Mark Morrisroe (1959-1989) spent most of his life smudging lines between fact and fiction. Legend has it that he was a teenaged prostitute and hustler, the illegitimate son of the Boston Strangler, and starred in a snuff film that nearly killed him. While most of these tales have not been proved, Morrisroe did however, spend the remainder of his days with a bullet lodged dangerously close to his spine and walking with a permanent limp. “Mark Morrisroe: From This Moment On” (the first U.S. retrospective of Morrisroe’s work) reveals the surprising depth and innovation present in his brief but intense career. Through photographs, letters and journals, prints, and a smattering of super 8 films, Morrisroe’s explorations in identity, ambiguity, distortion, trickery, and play are revealed through his relentless drive to make art.
Morrisroe’s images chronicled the world around him as it was and as he dreamed it might be. As a renegade documentarian, he photographed what he knew: his friends, lovers, the underground post-punk scene of Boston and later, New York’s East Village. His subjects evoke a bygone era of glamour and Hollywood stardom while toying with gender roles and social norms. Early photographs of friends from his Boston art school days uncover a rag-tag group trying to find their place in the world. His friends pose everywhere and every way, from bathrooms and bedrooms to clubs and on the street. They wear extravagant costumes and heavy make-up, button down shirts and dresses, or nothing at all. They arch their backs on beds; they pucker their lips and perch on the sink with level and confident gazes daring us to enter their world. The abundance of nude self-portraits as well as images of his first love Jonathan (Jack) Pierson point to Morrisroe’s desire to also find himself.
Morrisroe experimented heavily with Polaroid film through a company-supported artist initiative. Many of these photos include intentional flaws like fingerprints and debris on the print and color distortions from variances in exposure. Although this gave some of the Polaroids a fuzzy, grainy quality, no single snapshot stands out on its own, but instead provides insight into the ongoing development of Morrisroe’s aesthetic. Later, his photographic experiments drifted into other realms. He is often credited with inventing the “sandwich” technique in which a double negative overlay is created by re-shooting an image, and then positioning the photo paper between the two negatives during the exposure. The resulting image was painterly and ethereal and seemed to float and overlap on itself.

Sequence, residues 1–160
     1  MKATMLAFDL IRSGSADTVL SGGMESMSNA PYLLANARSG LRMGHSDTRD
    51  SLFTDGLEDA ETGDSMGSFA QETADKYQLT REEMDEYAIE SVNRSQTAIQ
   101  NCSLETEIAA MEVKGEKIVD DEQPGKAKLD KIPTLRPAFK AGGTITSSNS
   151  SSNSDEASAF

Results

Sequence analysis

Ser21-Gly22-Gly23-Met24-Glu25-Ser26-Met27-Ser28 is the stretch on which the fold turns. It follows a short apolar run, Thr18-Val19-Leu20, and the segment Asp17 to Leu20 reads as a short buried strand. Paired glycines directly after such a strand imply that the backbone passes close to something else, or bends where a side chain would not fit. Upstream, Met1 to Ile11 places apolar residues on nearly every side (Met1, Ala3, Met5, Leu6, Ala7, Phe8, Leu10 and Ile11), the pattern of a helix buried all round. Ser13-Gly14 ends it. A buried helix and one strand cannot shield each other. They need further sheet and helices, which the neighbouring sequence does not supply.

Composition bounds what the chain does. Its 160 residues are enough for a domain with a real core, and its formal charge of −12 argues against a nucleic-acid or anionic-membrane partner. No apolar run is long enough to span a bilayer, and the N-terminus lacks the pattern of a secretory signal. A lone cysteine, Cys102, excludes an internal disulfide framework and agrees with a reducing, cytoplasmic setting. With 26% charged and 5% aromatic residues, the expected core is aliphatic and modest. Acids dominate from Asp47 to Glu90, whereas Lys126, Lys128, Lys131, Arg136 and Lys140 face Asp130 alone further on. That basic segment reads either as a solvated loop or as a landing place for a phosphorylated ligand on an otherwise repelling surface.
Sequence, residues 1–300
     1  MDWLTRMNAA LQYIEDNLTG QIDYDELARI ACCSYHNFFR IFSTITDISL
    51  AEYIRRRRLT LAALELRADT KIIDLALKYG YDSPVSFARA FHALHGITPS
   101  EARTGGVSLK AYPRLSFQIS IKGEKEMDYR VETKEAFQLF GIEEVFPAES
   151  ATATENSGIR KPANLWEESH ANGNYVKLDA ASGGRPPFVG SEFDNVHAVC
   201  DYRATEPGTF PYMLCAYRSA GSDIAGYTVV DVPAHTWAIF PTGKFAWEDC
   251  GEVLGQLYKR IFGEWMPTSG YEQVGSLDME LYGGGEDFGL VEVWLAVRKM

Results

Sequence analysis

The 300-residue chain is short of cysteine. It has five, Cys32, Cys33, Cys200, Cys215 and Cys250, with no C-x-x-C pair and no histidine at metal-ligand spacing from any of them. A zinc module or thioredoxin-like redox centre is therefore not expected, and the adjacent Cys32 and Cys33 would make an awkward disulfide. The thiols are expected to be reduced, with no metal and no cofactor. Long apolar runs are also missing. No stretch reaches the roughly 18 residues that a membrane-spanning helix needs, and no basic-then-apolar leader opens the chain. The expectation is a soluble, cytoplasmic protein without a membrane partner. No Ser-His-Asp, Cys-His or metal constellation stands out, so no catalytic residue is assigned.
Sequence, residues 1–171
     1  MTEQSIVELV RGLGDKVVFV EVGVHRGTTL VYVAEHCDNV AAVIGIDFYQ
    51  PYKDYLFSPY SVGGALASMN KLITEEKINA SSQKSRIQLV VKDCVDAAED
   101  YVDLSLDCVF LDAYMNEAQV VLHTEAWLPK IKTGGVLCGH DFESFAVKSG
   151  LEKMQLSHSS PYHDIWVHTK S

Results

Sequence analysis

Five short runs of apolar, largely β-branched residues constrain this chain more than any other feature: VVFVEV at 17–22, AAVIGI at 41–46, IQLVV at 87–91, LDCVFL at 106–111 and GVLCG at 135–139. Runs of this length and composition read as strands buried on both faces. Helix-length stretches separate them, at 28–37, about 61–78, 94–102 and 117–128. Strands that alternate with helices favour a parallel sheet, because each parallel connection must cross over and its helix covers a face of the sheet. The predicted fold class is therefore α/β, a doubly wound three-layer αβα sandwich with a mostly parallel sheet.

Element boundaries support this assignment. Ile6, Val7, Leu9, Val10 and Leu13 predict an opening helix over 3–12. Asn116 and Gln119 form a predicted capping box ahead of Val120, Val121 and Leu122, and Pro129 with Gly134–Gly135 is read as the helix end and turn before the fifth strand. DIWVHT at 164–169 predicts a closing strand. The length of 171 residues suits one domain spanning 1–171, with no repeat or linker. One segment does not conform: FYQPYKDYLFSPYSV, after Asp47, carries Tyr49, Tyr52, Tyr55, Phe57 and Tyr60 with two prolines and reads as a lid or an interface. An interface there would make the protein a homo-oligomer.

Shortly after arriving on the East Village art scene in 1986, Morrisroe was diagnosed with AIDS. Much of the work from his final years is comprised of brightly colored cut-ups and collage-based photograms on black backgrounds. In his incessant drive to create new work, his X-rays and medical charts began to figure more prominently in the artwork. Further experimentation with print processing occurred as well in the improvised darkrooms he created during hospital stays. An untitled C-Print and photogram from 1987 shows a still life of medicine bottles on exposed directly on the photo paper; a 1989 untitled self-portrait is a haunting image of a gaunt and sickly (but still playful) Morrisroe lying seductively on a bed, his room messy and he alone. For once, Morrisore is not pretending, trying to trick us, or distort the truth. His level gaze challenges us to face what is raw and real, alluding to his quiet and tragic end.
Who might Mark Morrisroe have become if AIDS had not cut his life short? How would his artistic sense have matured? What other photographic innovation would he have invented? “From This Moment On” offers a romantic elegy to the youthful exuberance and optimism of an artist who relentlessly tried to make the world over by framing it as glamorous and new. Morrisroe sought to highlight the humor, beauty, grit and contradiction in life through the image. We can only wonder if he ever found his truth.
~Lee Ann Norman
Images: Mark Morrisroe: From This Moment On, Artists Space, 2011. Photo: Daniel Peréz. Courtesy Artists Space.
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